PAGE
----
Selling Your Home: How To Write a Listing
There are a few golden rules about writing the description of your property. The listing description can’t be too short or too long, however you are better off it being relatively short and packed with bullet points. Some “enlightened” estate agents feature a quote from the vendor in the listing: for example, something like ‘I lived in this property for 10 years and I have enjoyed the feeling of coming back home from work and relax. The flat is bright and welcoming.’ Some buyers may not even notice it but many will appreciate that extra touch and will refer to it during the viewing.
You may want to make your buyer’s life easier by listing the current running costs for the property: this is not common practice (a quick search of listings will prove that), however it can make your listing stand out.
If you are selling your home for the very first time, you are putting on the market a property that is likely to attract two types of buyers (see section on types of buyers later for more information): first time buyers and investors. It is important to cater for both categories. Regarding investors, your listing should include, among other things, the potential rental yield of the property. You can ask your estate agent to give you an estimate on the going rent for similar properties in your area or you can look it up online. There might even be a flat in your block being advertised as being available to rent. You can ask your neighbours how easy it is to find tenants and what type of people the tenants are (single people, couples, single parents, small families) – this is all information that is like gold dust when you talk to an investor. Even if you decide not to be present at viewings yourself and delegate the task to your agent, motivated buyers will request a second viewing and may ask to meet you in person. Buyers prefer to speak to the vendor because they want to ask additional questions about the property without the pressure from a professional salesperson.
Depending on the type of property you are selling, i.e., a house or a flat, make sure you give useful information. If you live in a flat, the listing should include which floor your flat is in the block, if there is a communal garden and parking space. Useful information should also include nearby facilities and places of interest like train stations, supermarkets and green spaces.
What To Include In a Listing
Are you selling the flat fully furnished? Are you leaving all the appliances behind? Add that to your listing and make sure you tell the buyers during viewings. Both first time buyers and investors will appreciate not having to buy appliances (and waiting for them to be delivered and installed).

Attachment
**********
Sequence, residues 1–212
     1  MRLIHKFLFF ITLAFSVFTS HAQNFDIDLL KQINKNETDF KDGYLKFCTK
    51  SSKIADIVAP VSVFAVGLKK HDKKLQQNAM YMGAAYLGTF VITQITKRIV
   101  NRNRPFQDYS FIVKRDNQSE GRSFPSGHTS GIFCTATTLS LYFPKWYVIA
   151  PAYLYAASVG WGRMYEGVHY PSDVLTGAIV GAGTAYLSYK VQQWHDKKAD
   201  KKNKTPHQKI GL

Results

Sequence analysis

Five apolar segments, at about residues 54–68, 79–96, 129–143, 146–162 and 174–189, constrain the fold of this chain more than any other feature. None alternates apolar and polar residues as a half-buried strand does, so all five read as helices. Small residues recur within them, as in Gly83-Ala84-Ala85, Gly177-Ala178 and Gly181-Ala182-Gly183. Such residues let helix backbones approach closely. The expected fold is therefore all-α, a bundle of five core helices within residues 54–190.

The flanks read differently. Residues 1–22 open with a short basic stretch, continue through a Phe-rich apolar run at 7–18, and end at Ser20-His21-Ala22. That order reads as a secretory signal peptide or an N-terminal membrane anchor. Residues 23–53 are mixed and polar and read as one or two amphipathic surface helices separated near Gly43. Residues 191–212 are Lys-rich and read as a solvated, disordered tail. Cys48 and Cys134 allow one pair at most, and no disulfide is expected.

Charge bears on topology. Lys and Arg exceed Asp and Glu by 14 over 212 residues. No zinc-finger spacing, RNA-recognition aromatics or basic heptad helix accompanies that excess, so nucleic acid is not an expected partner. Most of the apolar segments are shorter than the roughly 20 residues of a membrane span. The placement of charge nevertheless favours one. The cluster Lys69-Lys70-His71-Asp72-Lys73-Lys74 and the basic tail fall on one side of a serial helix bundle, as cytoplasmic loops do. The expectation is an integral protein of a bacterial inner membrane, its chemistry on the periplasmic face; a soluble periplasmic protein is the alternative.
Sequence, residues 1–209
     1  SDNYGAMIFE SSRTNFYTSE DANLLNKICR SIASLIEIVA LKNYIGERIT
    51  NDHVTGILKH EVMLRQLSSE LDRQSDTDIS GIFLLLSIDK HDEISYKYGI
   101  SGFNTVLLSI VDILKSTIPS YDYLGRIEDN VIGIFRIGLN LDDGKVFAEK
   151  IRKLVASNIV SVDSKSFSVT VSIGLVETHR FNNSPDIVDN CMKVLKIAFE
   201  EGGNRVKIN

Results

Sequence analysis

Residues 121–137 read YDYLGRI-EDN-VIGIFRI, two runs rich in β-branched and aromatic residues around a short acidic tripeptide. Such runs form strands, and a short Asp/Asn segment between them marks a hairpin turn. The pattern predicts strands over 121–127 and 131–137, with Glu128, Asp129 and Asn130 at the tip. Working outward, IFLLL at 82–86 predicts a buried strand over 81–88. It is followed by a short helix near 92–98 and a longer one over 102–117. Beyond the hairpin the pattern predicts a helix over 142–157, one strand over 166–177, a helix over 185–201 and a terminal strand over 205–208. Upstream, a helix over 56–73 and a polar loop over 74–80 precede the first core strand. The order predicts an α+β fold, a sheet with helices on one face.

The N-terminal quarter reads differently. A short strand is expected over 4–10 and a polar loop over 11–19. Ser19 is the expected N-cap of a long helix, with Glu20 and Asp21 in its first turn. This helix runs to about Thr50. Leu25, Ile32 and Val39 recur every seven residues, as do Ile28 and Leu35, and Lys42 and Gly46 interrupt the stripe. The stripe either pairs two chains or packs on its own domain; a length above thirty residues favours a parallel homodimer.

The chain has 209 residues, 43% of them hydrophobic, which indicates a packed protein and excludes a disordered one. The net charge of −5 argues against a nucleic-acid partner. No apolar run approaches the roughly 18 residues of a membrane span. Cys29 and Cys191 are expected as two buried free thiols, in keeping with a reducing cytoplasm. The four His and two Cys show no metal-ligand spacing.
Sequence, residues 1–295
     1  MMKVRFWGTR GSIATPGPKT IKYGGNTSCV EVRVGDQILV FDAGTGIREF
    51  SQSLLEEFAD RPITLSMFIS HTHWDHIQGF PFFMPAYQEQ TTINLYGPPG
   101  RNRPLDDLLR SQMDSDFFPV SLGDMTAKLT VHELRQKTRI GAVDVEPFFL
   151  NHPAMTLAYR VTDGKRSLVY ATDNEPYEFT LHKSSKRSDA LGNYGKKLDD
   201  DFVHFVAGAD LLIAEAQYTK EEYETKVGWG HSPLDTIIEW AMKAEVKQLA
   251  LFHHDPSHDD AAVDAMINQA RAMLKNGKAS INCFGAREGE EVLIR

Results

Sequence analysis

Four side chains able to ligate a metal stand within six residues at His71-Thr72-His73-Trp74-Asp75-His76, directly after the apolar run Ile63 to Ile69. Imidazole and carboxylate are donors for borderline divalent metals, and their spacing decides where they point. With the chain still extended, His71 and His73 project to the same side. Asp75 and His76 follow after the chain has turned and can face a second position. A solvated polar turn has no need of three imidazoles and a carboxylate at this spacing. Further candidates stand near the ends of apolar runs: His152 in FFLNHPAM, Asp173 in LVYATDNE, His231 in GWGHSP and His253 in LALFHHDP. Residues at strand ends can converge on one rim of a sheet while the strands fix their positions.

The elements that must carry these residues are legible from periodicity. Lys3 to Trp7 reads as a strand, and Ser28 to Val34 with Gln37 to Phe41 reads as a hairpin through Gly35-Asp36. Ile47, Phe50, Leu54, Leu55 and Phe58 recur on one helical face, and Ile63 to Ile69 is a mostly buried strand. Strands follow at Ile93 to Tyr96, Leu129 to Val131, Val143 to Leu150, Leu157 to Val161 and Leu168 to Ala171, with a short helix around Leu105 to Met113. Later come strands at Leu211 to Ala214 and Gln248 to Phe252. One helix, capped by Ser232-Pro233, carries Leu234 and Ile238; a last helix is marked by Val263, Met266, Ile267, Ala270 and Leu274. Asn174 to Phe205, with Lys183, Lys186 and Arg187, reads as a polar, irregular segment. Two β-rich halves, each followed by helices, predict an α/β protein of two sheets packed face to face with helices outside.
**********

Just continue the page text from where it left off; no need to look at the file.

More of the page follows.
The most important part of your listing is the preview text that accompanies the preview picture (main picture). The description should capture a buyer’s attention by highlighting the best aspects of your property: location, size, quality of finishes.
A way to make your property more appealing to buyers and more likely to be sold earlier than others is to offer it vacant on completion: you can either move temporarily into rented accommodation after selling your home, or stay with friends or relatives while you are looking for your new home. If you are selling chain-free you are giving an incentive to buyers, who may be concerned about delays.
A chain-free property is going to be more attractive than one in a chain. You may want to use this expedient again further down the line as you move up the property ladder: if, for example, it might take a further six months for your buyers to sell their property before they can buy yours. Would you be able (or could you afford) to wait almost a year to complete on your flat?
Think about the online pictures of your property as virtual real estate: the pictures will do the talking for you and buyers make decisions on whether to view your property in a matter of seconds.
Your estate agent will take a number of pictures during the valuation or a few days afterwards. You know your property better than anyone else so you are in charge of presenting your flat in the best way possible and offer suggestions.
Ask to see the pictures in the camera viewer before the agent leaves and ask to delete or retake pictures that don’t look satisfactory.
Move furniture if necessary, open or close doors depending on the shot. This is particularly important if you are selling a studio flat: if, for example, you are using the same folding table both as a dining table and as a desk, have the photographer take two pictures. Set up the table as a dining table with plates and a nice tablecloth or runner for one picture, then dress the table as a working desk with your computer and accessories like a diary or notepad. When viewers come in, explain to them that they can use the space for different functions, so that they can appreciate that even small spaces can be functional.
If you only do one thing during the photo-shoot, please close the lid of the WC. Many property listings have pictures of toilets in full view and they are not pleasing to see.
- Don’t forget to put away all your crockery left next to the sink after washing.
- Remember to add fresh flowers and plants, ideally in every room.
- Plump all the pillows and straighten out pictures on the walls.
- Speak to your estate agent and agree on what to include and exclude in the listing.
- Make a list of desirable features of your property that will appeal to buyers.
- Give buyers a bit of background about how much you have enjoyed living in your property by highlighting what you love about your home.